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Former NPRA Chief Urges SSNIT to Prioritise Job Creation for its Sustainability

He argued that SSNIT's ability to thrive hinges on attracting more young participants to the scheme.

Former Chief Executive of the National Pensions Regulatory Authority (NPRA), Dr. Daniel Seddoh, has stressed the importance of integrating job creation into the operations of the Social Security and National Insurance Trust (SSNIT) for its sustainability. He argued that SSNIT’s ability to thrive hinges on attracting more young participants to the scheme.

The pension system operated by SSNIT is a social scheme, structured with predefined benefits that often exceed contributions upon retirement, placing a significant burden on managers and trustees to ensure its long-term viability.

According to a report by the International Labour Organisation (ILO), SSNIT’s reserves are projected to be depleted by 2036, with income sources falling short of meeting annual expenditures as early as 2029. It states further that, SSNIT having no other means of payment will depend on the reserves it has, to meet the payment demand leading to the start of the depletion process.  This is likely to continue till 2036 when the reserve will drop to zero as stated by the valuation report. Despite reassurances from SSNIT management, concerns over the scheme’s future have persisted.

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Dr. Seddoh, drawing on his expertise in insurance and finance, told The Accra Times that “as long as individuals earn more than they contribute, SSNIT’s sustainability remains uncertain”.

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To address this challenge, Dr. Seddoh proposed a strategic approach for SSNIT to leverage contributions for job creation, particularly targeting younger people. He emphasized the importance of creating employment opportunities to sustain the scheme over the decades of their contributions.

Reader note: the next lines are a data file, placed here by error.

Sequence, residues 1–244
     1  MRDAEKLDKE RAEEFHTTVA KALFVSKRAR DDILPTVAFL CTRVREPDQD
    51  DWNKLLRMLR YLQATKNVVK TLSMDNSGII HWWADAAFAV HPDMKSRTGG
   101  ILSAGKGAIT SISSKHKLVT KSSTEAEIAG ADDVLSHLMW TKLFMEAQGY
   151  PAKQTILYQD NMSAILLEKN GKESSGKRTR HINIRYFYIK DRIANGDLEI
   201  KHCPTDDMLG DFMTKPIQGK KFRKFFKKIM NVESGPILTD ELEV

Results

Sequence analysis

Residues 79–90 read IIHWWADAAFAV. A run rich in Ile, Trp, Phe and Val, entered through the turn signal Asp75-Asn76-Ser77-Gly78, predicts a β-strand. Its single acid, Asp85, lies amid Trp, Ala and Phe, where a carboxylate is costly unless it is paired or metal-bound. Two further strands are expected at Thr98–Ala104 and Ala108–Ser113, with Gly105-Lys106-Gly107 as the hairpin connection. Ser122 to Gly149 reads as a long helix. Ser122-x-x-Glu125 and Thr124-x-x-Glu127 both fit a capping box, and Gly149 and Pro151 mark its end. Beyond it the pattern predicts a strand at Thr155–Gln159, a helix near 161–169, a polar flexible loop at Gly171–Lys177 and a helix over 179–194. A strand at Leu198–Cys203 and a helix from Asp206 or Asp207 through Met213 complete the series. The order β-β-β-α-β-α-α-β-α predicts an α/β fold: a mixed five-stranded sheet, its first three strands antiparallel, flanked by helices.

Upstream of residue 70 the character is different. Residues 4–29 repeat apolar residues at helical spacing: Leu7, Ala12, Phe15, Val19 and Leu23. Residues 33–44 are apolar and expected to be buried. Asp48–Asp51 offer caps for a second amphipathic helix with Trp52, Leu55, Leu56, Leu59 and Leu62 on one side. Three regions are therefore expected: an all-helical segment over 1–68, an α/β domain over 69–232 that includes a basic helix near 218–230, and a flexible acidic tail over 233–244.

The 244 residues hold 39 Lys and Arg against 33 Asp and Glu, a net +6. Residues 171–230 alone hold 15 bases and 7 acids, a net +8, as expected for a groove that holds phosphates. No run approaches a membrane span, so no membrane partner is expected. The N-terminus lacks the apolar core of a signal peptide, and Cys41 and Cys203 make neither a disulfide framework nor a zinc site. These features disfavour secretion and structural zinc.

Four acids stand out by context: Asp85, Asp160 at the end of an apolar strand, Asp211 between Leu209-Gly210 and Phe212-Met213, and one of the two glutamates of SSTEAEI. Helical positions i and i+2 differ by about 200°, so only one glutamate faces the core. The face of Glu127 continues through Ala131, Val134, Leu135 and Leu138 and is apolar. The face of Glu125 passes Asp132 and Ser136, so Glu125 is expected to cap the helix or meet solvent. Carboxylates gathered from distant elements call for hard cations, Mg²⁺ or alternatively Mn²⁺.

“Younger people do not go on pension immediately. If you pick them let’s, say age 25, by the time they get to 60, they would have done 35 years before they qualify for pension, so that is what will sustain the scheme,” he said.

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He cautioned that SSNIT will continue to struggle if the scheme’s funds are not supporting job creation.

“If that is not happening you will certainly have difficulties and in our case that is not happening. Employment plus capital gains in those settings, that is what would have sustained it better than what it is,” he added.

Dr. Seddoh also criticised SSNIT for prioritising collection efforts over investment strategies aimed at job creation.

Prior to pension reforms in 2008, SSNIT operated without regulation, leading to significant investment challenges. Despite being regulated by the NPRA, the operational changes have been minimal. Dr. Seddoh urged both the NPRA and the government to address the findings of the ILO report and advocate for reforms to rejuvenate SSNIT’s prospects.

Recently, President Nana Addo Dankwa Akufo-Addo fired the Director-General of SSNIT, Dr John Ofori-Tenkorang who was due to retire in January next year and replaced him with his deputy Mr. Kofi Bosompem Osafo-Maafo, who happens to be the son of his senior advisor Yaw Osafo Marfo. However not much is expected from the changes in management.

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